Maintenance News South Africa

Subscribe to industry newsletters

Search jobs

National Consumer Tribunal acts against unscrupulous car dealers, but beware pitfalls warns expert

A more forceful approach by the National Consumer Tribunal toward unscrupulous car dealers who refuse to replace defective vehicles has resulted in stiff fines of between R50,000 and R100,000 being issued the past 14 months, a sure sign that the tide is turning in favour of long-suffering consumers subjected to exploitation.
Source: Unsplash

This is the message from Trudie Broekmann, a consumer attorney in South Africa.

Broekmann said that of the 31 key cases that were heard by the National Consumer Tribunal in the past 14 months, 21 revolved around defective motor vehicles. Seven of those claims were dismissed as they had expired due to prescription. In six cases the Tribunal imposed stiff fines against the offending supplier, and four of those were second-hand car dealers.

“We urge dealerships to stop taking their advice from industry associations like the Retail Motor Industry (RMI), Independent Dealers’ Association or blue-chip dealers who have no understanding of consumer law. We’ve come across several of these operators who reassure their members they have no liability when that is highly inaccurate and dangerous advice,” warned Broekmann.

In terms of section 56 of the Consumer Protection Act, a car purchased from a motor vehicle dealer that is defective and returned to the dealer within six months of the purchase date, must be repaired or replaced by the dealer or the dealer must refund the consumer the full purchase price.

Nothing in the consumer’s contract with the dealership or the vehicle finance provider can take away this right.

The National Consumer Tribunal will order the dealer to pay back the consumer if there is a substantial defect, something which affects the safety or drivability of the car or makes a substantial difference to the value of the car.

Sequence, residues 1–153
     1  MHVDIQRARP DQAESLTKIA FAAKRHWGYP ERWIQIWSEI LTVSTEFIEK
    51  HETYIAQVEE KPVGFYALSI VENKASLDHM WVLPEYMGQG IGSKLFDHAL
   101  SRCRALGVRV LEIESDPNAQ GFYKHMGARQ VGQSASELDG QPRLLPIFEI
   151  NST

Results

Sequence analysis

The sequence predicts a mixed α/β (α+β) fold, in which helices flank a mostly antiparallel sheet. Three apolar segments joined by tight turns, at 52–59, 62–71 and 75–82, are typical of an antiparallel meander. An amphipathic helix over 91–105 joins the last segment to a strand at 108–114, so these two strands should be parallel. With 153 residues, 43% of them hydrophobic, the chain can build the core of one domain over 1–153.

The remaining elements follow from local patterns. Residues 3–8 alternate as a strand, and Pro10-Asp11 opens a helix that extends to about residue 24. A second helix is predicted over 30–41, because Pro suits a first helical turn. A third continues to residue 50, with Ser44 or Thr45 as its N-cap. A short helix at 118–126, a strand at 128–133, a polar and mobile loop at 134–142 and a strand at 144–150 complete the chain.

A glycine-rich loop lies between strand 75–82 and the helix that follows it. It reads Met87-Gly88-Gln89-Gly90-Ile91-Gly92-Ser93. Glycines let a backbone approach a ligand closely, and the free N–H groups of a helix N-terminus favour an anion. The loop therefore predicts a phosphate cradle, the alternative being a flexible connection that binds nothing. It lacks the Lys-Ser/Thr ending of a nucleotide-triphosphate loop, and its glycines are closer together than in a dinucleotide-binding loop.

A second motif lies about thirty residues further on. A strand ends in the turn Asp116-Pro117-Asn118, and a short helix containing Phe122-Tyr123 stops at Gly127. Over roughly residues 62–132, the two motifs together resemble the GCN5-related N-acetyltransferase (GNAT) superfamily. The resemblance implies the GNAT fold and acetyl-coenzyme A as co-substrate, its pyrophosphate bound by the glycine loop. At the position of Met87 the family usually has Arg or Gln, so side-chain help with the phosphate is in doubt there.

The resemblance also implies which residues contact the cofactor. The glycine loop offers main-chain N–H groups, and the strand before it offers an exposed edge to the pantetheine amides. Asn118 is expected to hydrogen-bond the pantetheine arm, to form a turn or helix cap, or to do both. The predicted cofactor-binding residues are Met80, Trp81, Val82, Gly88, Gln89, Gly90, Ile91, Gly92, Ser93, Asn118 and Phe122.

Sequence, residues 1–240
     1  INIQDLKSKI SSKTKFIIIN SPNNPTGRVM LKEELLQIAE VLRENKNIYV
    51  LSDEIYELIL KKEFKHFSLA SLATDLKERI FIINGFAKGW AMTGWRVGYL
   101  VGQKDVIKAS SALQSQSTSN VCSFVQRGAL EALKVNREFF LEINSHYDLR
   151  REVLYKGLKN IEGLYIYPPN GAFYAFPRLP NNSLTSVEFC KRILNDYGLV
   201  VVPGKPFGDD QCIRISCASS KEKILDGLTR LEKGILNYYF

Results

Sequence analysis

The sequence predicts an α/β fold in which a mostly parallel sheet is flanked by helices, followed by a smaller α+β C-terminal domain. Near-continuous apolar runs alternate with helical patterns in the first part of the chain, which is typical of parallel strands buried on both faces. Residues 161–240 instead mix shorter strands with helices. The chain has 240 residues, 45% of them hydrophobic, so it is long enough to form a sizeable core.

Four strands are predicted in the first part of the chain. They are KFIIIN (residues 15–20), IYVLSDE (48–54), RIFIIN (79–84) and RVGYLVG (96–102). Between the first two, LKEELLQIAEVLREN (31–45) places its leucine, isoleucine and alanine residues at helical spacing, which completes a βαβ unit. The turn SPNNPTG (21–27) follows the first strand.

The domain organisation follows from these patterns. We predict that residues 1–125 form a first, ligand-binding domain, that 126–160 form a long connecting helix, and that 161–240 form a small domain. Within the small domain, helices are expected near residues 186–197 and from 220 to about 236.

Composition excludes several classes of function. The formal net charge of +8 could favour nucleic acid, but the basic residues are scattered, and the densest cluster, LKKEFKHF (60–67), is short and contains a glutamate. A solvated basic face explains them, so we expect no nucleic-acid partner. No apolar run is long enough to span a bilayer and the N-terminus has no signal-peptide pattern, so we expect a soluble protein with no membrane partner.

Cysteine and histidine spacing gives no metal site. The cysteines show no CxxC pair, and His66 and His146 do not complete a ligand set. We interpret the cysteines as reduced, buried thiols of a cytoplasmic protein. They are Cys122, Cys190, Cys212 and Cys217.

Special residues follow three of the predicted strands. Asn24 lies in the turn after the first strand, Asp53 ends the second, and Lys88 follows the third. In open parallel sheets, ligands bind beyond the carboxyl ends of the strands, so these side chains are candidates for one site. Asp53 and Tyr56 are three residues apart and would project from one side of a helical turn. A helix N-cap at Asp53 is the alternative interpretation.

The Tribunal will not assist you to demand your money back from the dealer in the case of a cosmetic or minor defect. Examples are a rattle or scraping sound, minor leak, non-aligned boot lid, non-matching rims, faulty electronics causing the key not to be recognized, or where flaws were specifically pointed out to the consumer before purchase.

The consumer can claim repair costs for minor or cosmetic defects that were not pointed out to the consumer before purchase, where the defect was present at the time the consumer bought the car.

“We see from the rulings that the Tribunal will order the dealership to refund the consumer where there is clear evidence of a defective gearbox or engine trouble which causes the car to break down, a blown gasket, a serious oil leak, or poor prior accident repairs, combined with a variety of smaller faults which would cost over R100,000 to repair,” Broekmann added.

Claims first have to be dealt with by the Motor Industry Ombud and then have to be investigated by the National Consumer Commission.

“The Motor Industry Ombud’s findings more often than not contradict the clear wording of the Consumer Protection Act. So, consumers are forced to waste time and effort with referrals to the ombud just to receive unreliable outcomes. In the few cases where the ombud finds for the consumer, the dealerships routinely ignore the finding and so consumers are forced to approach the National Consumer Tribunal to obtain redress.

“The Commission is notoriously inactive and by the time they submit the case to the National Consumer Tribunal it has often already expired. This was the case in seven of the recent vehicle cases before the Tribunal, which is heartbreaking.

“If a consumer refers the matter to the consumer commission and they drag their feet, the right procedure is to request a notice of non-referral from the commission and then immediately refer the claim to the tribunal,” said Broekmann.

The tribunal has made it clear in one of their rulings that consumers must not refuse to make use of their warranty to fund any repairs that may be needed, if such a warranty is in place.

Likewise, they have ruled that they take a dim view of any dealership that does not conclude a formal written contract with a consumer. The Tribunal also doesn’t allow a dealership or workshop to charge storage fees when the consumer refuses to pay due to a valid dispute.

Let's do Biz